Arnhem (Gelderland, Netherlands)
Arnhem is the capital of the Dutch province of Gelderland (population in 2006 was 142,210; in the 1950s about 725 Mennonites lived there). Presumably there was a congregation here as early as 1539 or 1540, but its existence cannot be proved before 1596. Information about this congregation is very scarce. In 1603 it met in the house of Jan Wints, a smith, and in 1607 at the home of a basket weaver; in the following year in the Turfstraat; and about 1629 in a house on the Ketelstraat. In 1617 the city council decided that the Mennonites should take a more active part in the civil defense and in 1624 Pouwel Huyberts (preacher or elder?) was fined 10 guilders for withdrawing from the defense of the city. On 21 April 1632 Cornelis Jansz and Dirk Rendersen of Arnhem signed the Flemish confession at Dordrecht, which indicates that the Arnhem congregation belonged to that wing. In 1664 Arnhem united with the stricter wing of the Zonists. Since then scarce information becomes still scarcer. On 30 January 1715 a house was bought for the Mennonite congregation (intended for a church? It was later called the Mennisten Erf). On 21 February 1787 Abraham de Haas said that he was the only remaining member of the congregation. In the early 19th century the Amsterdam congregation had the supervision of the fund called Mennisten-fonds or Mennisten Erf.
On 10 March 1851, 28 Mennonites living in Arnhem notified the government of their intention to organize a Mennonite congregation there; permission was given on 20 January 1852, and meetings originally were held in a hall in the Bakkerstraat. In 1855 the congregation received a preacher in H. Haga, who served the congregation 1855-1887. The later preachers were H. J. Elhorst, 1887-1898; B. P. Plantinga, 1898-1901; G. Wuite, 1901-1910; P. J. Glasz, 1910-1911; D. Pottinga, 1912-1925; P. Vis, 1926-1938; J. E. Tuininga, 1939-1946; and Th. van der Veer after 1946. The first service here was conducted by J. Boeke, the Mennonite minister of Amsterdam, 13 June 1852.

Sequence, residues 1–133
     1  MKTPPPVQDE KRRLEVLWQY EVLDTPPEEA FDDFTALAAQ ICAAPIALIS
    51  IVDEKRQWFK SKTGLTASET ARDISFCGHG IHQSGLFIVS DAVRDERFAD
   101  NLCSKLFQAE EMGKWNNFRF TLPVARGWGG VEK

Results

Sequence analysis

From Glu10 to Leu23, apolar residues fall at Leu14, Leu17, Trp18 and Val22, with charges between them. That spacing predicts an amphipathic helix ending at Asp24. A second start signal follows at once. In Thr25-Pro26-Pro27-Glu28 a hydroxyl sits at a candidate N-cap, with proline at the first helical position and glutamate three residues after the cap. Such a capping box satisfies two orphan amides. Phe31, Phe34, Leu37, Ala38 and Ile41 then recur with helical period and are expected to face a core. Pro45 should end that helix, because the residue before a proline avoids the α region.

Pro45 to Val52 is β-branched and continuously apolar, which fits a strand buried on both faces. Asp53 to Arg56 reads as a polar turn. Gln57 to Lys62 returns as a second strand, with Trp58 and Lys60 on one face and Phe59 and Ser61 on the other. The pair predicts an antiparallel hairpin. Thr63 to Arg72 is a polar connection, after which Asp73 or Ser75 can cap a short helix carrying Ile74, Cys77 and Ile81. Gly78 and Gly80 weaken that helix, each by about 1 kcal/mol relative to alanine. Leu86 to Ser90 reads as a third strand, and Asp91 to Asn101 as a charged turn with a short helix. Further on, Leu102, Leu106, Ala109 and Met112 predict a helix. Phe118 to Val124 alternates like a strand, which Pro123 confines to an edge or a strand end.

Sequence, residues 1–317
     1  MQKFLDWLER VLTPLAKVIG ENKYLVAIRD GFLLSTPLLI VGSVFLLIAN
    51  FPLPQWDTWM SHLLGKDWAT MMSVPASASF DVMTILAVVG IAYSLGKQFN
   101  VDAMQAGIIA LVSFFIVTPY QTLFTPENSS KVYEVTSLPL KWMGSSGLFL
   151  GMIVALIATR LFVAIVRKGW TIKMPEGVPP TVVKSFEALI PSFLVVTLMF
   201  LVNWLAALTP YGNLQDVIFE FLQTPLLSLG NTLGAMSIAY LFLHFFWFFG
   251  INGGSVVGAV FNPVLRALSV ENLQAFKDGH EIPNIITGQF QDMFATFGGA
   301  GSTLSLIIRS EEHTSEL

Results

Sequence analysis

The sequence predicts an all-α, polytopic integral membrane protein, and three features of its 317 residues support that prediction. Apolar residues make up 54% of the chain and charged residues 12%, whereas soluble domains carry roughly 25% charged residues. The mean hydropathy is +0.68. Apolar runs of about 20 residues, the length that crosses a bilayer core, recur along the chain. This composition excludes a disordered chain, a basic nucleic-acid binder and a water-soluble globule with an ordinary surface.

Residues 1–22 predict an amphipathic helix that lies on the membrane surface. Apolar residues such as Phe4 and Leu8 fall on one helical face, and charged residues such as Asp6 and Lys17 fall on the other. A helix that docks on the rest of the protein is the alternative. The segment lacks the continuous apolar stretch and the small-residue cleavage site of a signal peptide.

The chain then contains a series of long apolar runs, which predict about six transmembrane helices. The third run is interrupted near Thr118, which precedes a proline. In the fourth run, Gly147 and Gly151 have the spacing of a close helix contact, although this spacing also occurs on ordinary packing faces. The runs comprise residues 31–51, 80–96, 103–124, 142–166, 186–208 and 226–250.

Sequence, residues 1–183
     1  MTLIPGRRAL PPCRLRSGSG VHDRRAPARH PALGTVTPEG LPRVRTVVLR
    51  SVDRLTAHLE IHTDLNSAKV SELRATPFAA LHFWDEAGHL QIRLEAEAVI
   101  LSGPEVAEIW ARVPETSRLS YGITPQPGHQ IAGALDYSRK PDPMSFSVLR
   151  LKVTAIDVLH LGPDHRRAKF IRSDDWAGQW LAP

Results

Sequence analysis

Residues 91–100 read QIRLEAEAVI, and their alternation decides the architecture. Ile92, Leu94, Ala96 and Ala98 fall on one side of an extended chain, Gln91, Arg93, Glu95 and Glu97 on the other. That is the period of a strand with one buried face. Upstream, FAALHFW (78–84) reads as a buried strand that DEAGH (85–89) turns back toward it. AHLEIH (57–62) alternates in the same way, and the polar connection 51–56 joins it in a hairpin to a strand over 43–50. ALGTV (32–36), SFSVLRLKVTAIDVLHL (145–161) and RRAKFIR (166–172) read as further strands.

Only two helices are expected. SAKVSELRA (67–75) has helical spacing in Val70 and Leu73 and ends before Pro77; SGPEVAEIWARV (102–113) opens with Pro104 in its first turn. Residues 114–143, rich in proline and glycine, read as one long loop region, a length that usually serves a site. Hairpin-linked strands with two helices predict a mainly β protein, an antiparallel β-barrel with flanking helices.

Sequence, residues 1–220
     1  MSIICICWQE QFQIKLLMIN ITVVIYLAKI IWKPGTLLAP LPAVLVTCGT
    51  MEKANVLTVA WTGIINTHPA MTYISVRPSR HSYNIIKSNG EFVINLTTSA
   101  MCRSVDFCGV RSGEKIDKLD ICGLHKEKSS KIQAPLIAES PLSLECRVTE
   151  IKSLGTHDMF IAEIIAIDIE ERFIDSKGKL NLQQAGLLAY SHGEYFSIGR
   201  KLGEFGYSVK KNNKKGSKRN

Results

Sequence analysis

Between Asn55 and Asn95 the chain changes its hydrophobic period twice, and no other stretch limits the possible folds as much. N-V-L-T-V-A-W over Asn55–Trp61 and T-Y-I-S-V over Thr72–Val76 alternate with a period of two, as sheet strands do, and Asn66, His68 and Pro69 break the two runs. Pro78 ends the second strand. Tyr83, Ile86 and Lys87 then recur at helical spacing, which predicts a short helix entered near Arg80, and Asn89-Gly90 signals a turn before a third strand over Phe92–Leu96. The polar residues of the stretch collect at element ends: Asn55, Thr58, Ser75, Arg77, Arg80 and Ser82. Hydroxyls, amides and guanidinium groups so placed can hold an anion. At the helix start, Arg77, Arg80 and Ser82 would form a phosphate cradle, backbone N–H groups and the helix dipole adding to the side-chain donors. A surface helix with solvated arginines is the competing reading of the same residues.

The congregation increased rapidly in membership. In 1861 the number of baptized members was 60, in 1900 it was 390, in 1950 it was 685. On 8 September 1889 the congregation began to hold its services in the present church in Weverstraat. The church was damaged in the war in September 1944.
The Doopsgezinde Gemeente Arnhem is a member of Ring Arnhem. In the 1950s it had a men's organization, a committee to visit newly organized Mennonite congregations, a division of the Doopsgezinde Zendingsvereeniging. It supported a Sunday school for the children together with the Remonstrants and the liberal Reformed Church. In Doorwerth near Arnhem stands the Mennonite home for the aged called "Mooiland" (lovely land); another home for the aged is "Avondzon" (evening sun), maintained at Velpnear Arnhem in cooperation with the Remonstrants and the Reformed.
Het Archief der Doopsgezinde Gemeente te Arnhem. 1936.
Doopsgezinde Bijdragen (1863): 43-74.
Een eeuw Doopsgezinde Gemeente, Herdenkingsgeschrift. Arnhem, 1952.
Hege, Christian and Christian Neff. Mennonitisches Lexikon, 4 vols. Frankfurt & Weierhof: Hege; Karlsruhe: Schneider, 1913-1967: v. I, 85.
Hoop Scheffer, Jacob Gijsbert de. Inventaris der Archiefstukken berustende bij de Vereenigde Doopsgezinde Gemeente to Amsterdam, 2 vols. Amsterdam: Uitgegeven en ten geschenke aangeboden door den Kerkeraad dier Gemeente, 1883-1884: v. I, Nos. 1524-1530; v. II, Nos. 12-25.
Address: Da Costastraat 10, 6824 NV, Arnhem
Website: Doopsgezinde Gemeente Arnhem
|Author(s)||Nanne van der Zijpp|
Cite This Article
Zijpp, Nanne van der. "Arnhem (Gelderland, Netherlands)." Global Anabaptist Mennonite Encyclopedia Online. 1953. Web. 20 Jan 2020. https://gameo.org/index.php?title=Arnhem_(Gelderland,_Netherlands)&oldid=143864.
Zijpp, Nanne van der. (1953). Arnhem (Gelderland, Netherlands). Global Anabaptist Mennonite Encyclopedia Online. Retrieved 20 January 2020, from https://gameo.org/index.php?title=Arnhem_(Gelderland,_Netherlands)&oldid=143864.
Adapted by permission of Herald Press, Harrisonburg, Virginia, from Mennonite Encyclopedia, Vol. 1, p. 162. All rights reserved.
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